Did you know that Count Dracula walked around during the day? He wasn’t at the height of his powers. But that whole “daylight-kills-vampires-on-contact” thing was never in Bram Stoker’s 1897 novel, “Dracula.” For that matter, it was never part of the Eastern European vampire folklore that inspired Stoker’s story, either.
So where does that particular element of vampire mythology come from? According to the book “The Vampire Slayers’ Field Guide to the Undead” by Shane MacDougall, it actually comes from Friedrich Wilhelm Murnau’s 1922 silent film “Nosferatu.” (Which was a classic in its own right, but totally ripped off Stoker’s novel. Stoker’s widow sued.)
Murnau needed a way to kill off Count Orlock, the Dracula surrogate. He basically pulled the “sunlight kills him” plot device out of his ass. And now it’s as intrinsic to vampire lore as crucifixes and stakes.
I recently got a copy of MacDougall’s book. By the way, that name’s a pseudonym for horror author Jonathan Maberry. If you’re a horror fan, do yourself a favor and pick up his Pine Deep trilogy. It’s awesome.
I’ve got a feeling I’ll end up devoting more than one blog entry to this book. Hell, it could be the subject of a blog in and of itself.
True to its name, the book posits itself as an informational guide for vampire hunters. But to Maberry’s credit, he doesn’t labor the concept to a point where it gets strained or overly cute.
It’s a nearly 700-page compendium of vampire and undead lore worldwide. And it’s pretty mind-blowing in scope – covering cultures throughout the world, both contemporary and ancient. We’re talking one-volume book collection. If you’re a horror fan, if you’re interested in folklore, or if you just like an interesting read, get this book. I highly recommend it. Hell, the many illustrations alone make it worth owning. (My personal favorite is the “Liho” from Russia. That thing is weird-looking!)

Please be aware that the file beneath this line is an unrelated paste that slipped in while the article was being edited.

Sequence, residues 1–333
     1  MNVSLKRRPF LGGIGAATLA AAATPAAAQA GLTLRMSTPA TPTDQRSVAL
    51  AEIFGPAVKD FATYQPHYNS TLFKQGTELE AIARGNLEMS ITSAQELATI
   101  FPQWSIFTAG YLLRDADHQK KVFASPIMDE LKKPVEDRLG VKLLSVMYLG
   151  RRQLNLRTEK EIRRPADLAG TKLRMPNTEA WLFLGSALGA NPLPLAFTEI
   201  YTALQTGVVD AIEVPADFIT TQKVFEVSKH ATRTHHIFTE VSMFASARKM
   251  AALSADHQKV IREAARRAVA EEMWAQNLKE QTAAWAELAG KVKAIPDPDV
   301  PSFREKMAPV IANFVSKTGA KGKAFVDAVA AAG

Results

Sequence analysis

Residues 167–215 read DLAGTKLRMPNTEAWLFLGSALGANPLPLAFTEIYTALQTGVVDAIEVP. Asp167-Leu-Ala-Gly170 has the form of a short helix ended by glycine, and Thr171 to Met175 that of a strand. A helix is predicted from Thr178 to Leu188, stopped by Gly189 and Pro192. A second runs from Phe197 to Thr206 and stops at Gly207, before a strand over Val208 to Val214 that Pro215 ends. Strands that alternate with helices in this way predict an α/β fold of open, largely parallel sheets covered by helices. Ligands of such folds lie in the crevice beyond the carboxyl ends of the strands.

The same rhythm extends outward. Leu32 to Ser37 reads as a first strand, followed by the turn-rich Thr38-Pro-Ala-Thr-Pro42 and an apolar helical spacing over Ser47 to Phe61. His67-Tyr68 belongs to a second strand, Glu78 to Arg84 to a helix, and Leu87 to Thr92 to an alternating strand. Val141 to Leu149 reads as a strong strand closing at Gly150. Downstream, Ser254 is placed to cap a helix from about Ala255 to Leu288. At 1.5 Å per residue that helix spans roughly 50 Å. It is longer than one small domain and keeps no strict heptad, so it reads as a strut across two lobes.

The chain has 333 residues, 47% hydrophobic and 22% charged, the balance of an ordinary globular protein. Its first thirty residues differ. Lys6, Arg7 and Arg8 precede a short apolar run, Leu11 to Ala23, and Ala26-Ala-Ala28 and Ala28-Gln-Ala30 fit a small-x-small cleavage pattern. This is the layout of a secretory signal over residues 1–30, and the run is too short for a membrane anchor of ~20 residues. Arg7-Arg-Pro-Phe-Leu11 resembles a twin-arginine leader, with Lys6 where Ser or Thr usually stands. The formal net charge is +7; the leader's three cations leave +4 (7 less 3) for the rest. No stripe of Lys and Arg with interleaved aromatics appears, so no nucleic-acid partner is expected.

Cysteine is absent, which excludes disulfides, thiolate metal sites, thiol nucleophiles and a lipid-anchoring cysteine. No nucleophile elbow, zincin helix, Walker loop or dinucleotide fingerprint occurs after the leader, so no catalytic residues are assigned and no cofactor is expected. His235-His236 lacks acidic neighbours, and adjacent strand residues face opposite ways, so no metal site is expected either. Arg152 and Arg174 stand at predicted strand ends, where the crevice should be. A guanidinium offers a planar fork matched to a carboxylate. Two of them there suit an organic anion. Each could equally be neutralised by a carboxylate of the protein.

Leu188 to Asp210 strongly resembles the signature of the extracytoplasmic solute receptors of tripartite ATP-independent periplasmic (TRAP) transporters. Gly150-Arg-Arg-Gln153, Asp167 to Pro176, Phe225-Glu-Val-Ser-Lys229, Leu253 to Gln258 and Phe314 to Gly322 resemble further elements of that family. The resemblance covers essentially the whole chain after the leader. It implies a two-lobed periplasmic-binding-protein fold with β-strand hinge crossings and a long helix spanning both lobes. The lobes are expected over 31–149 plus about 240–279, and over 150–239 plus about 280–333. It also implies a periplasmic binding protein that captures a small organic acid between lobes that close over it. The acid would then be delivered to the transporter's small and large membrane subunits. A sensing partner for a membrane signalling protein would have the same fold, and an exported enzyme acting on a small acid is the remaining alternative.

Maberry stretches the definition of “vampire” to include just about any monster with a vaguely human form. No matter how liberal your definition of “vampire” is, odds are it doesn’t include the Jersey Devil and the Yeti. But I personally didn’t mind and I doubt you will either. It’s all fascinating stuff. The more the better.
In addition to the compendium of different cultures’ monsters, the book includes a bunch of fun and interesting digressions on topics such as a listing of owl-related superstitions, a historical account of an 18th century Austrian physician’s investigation of an ostensibly genuine case of vampirism, and an analysis of the United States’ modern subculture of vampire role-playing gamers.
Along the way, he dispels many elements of vampire stories that a lot of people – myself included – probably thought originated with centuries-old folktalkes, but actually popped up fairly recently. For example, as Maberry points out, most folktales about vampires don’t include anything about a vampire’s bite turning you into one. People were far more likely to come back from the dead in a malignant form if they lived an evil life, or died as a result of sudden violence.
Also … those crucifixes and stakes I mentioned earlier? Stoker, a Catholic, invented the part about crucifixes driving off vampires.
And while stakes do show up in traditional vampire lore, they’re more commonly used to hold the vampires down so they can be dispatched by means such as stuffing their mouths with garlic or decapitating them. In “Dracula,” the team of vampire hunters killed the Count with a Kukri knife and a Bowie knife, not a stake.
Screw “Twilight.” THAT’S badass!